One of the biggest hurdles to expanding the legal market in California has been local municipalities banning marijuana businesses in their jurisdiction. This election, at least 82 marijuana related measures will appear on ballots before voters across the state, spanning 10 counties and 58 municipalities.

    A majority of the local initiatives are asking about business taxes, which is often the first step needed to actually open up a cannabis business.

    You can check out the full list of local ballot initiatives here. If you live in any of those cities or counties, be sure to get out to the polls and vote on the marijuana ballot questions! Make sure you know where your polling location is before the election on November 6th and get ready to #SmokeTheVote!

     

  • by NORML

    With the marijuana midterms right around the corner, it’s imperative that you know who and what is going to be on your ballot leading up to Election Day on November 6th. To see who the Vote marijuanamost pro-cannabis reform candidates are in your district, check out our Smoke the Vote scorecard and voter guide.

    In addition, if you live in any of these 16 counties and/or two cities, be sure to vote YES on the following marijuana ballot questions. In no way are these questions binding, but passing results often serve as an antecedent for legislative action by lawmakers.

    Brown County

    Should cannabis be legalized in Wisconsin for medicinal purposes, and regulated in the same manner as other prescription drugs?

    Clark County

    Should cannabis be legalized in Wisconsin for medicinal purposes, and regulated in the same manner as other prescription drugs?

    Dane County

    Should marijuana be legalized, taxed and regulated in the same manner as alcohol for adults 21 years of age or older?

    Eau Claire County (Vote option A)

    Should cannabis:

    (a) Be legal for adult, 21 years of age and older, recreational or medical use, taxed and regulated like alcohol, with the proceeds from the taxes used for education, healthcare, and infrastructure in Wisconsin?
    (b) Be legal for medical purposes only and available only by prescription through a medical dispensary?
    (c) Remain a criminally illegal drug as provided under current law?

    Forest County

    Should the State of Wisconsin allow individuals with debilitating medical conditions to use and safely access marijuana for medical purposes, if those individuals have a written recommendation from a licensed Wisconsin physician?

    Kenosha County

    Should the State of Wisconsin allow individuals with debilitating medical conditions to use and safely access marijuana for medical purposes, if those individuals have a written recommendation from a licensed Wisconsin physician?

    La Crosse County

    Should the State of Wisconsin legalize the use of marijuana by adults 21 years or older, to be taxed and regulated in the same manner that alcohol is regulated in the State of Wisconsin, with proceeds from taxes used for education, healthcare, and infrastructure?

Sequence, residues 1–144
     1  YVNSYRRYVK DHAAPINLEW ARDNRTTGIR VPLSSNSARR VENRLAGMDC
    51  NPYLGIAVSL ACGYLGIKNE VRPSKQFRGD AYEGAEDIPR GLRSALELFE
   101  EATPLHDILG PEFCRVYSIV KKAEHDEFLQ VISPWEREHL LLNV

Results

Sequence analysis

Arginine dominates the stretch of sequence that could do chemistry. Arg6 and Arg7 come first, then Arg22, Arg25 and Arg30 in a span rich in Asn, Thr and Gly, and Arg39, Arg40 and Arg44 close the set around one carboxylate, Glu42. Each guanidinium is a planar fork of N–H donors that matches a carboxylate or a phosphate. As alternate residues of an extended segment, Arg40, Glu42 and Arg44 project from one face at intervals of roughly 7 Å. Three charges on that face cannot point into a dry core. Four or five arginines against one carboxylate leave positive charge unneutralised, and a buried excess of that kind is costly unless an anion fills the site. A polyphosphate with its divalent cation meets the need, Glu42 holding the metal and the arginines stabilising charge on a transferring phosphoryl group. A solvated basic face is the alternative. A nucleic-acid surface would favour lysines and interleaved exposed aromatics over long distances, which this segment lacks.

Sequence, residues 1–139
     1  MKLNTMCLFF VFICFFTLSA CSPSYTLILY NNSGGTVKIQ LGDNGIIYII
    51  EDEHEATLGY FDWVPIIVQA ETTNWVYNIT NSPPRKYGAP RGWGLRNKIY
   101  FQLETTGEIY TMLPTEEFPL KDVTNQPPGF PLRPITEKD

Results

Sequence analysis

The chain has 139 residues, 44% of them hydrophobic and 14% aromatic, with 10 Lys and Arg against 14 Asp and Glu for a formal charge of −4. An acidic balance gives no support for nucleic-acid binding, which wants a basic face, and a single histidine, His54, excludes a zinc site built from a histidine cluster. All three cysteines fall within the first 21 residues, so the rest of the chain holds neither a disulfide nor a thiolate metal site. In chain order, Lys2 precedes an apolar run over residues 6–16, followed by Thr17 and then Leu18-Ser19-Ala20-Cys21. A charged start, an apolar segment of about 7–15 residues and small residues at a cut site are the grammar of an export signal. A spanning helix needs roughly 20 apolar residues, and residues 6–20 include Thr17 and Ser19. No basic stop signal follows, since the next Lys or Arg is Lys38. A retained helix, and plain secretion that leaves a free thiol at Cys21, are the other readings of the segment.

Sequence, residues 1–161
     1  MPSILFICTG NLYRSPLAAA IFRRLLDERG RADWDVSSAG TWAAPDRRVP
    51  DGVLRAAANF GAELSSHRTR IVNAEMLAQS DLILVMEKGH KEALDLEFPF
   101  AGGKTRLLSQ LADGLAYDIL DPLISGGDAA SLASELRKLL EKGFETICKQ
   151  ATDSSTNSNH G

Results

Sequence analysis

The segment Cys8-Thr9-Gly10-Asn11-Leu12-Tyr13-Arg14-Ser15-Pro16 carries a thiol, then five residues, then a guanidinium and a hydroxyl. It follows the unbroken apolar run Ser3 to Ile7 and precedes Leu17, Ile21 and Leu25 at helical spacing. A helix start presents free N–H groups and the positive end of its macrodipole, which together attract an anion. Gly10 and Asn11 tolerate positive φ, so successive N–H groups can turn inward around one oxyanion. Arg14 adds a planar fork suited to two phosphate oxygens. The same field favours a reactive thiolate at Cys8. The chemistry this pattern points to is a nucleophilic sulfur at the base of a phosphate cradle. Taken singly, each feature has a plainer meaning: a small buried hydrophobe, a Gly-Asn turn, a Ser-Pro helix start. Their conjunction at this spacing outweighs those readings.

Langlade County

    Should the State of Wisconsin allow individuals with debilitating medical conditions to use and safely access marijuana for medical purposes, if those individuals have a written recommendation from a licensed Wisconsin physician?

    Lincoln County

    Should the State of Wisconsin allow individuals with debilitating medical conditions to use and safely access marijuana for medical purposes, if those individuals have a written recommendation from a licensed Wisconsin physician?

    Marathon County

    Should the State of Wisconsin allow individuals with debilitating medical conditions to use and safely access marijuana for medical purposes, if those individuals have a written recommendation from a licensed Wisconsin physician?

    Marquette County

    Resolved, that “We the People” of Marquette County, Wisconsin support the right of its citizens to acquire, possess and use medical cannabis upon the recommendation of a licensed physician, and; Be It Further Resolved, that we strongly support a statewide referendum Wisconsin to join the thirty-two (32) states that have already approved the use of medical cannabis for the treatment of chronic pain, several debilitating diseases and disabling symptoms.

    Milwaukee County

    Do you favor allowing adults 21 years of age and older to engage in the personal use of marijuana, while also regulating commercial marijuana-related activities, and imposing a tax on the sale of marijuana?

    Portage County

    Should the State of Wisconsin allow individuals with debilitating medical conditions to use and safely access marijuana for medical [treatment] purposes, if those individuals have a written [treatment] recommendation from a licensed Wisconsin physician?

    Racine County

    Question No. 1: “Should marijuana be legalized for medicinal use? Question No. 2: Should marijuana be legalized, taxed, and regulated in the same manner as alcohol for adults 21 years of age or older? Question No. 3: Should proceeds from marijuana taxes be used to fund education, health care, and infrastructure?”

    City of Racine

    Should cannabis be legalized for adult recreational use in Wisconsin? Should cannabis be legalized for medical use in Wisconsin?
    Should cannabis sales be taxed and the revenue from such taxes be used for public education, health care, and infrastructure in Wisconsin?
    Should cannabis be decriminalize in the State of Wisconsin?

    Rock County

    Should cannabis be legalized for adult use, taxed and regulated like alcohol, with the proceeds from the Taxes used for education, healthcare, and infrastructure?

    Sauk County

    Should the state of Wisconsin legalize medical marijuana so that people with debilitating medical conditions may access medical marijuana if they have a prescription from a licenses Wisconsin physician?

    City of Waukesha

    Should cannabis be legalized in Wisconsin for medicinal purposes, and regulated in the same manner as other prescription drugs?

    Just under half of Wisconsin’s population lives in the counties that will be voting on cannabis advisory questions. Make sure you know where your polling location is, and be sure to get to the polls on November 6th to #SmokeTheVote!

Page 1 of 212